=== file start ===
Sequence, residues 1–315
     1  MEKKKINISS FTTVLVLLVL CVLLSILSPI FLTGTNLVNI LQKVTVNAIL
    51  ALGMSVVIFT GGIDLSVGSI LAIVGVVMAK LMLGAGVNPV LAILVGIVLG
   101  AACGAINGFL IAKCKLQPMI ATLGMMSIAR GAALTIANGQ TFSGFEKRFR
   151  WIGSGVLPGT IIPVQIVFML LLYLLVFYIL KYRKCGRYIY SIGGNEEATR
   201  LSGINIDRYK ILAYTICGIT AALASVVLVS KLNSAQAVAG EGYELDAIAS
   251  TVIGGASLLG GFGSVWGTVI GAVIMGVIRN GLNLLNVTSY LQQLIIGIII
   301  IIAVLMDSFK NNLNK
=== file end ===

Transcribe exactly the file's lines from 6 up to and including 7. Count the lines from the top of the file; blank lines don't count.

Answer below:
   201  LSGINIDRYK ILAYTICGIT AALASVVLVS KLNSAQAVAG EGYELDAIAS
   251  TVIGGASLLG GFGSVWGTVI GAVIMGVIRN GLNLLNVTSY LQQLIIGIII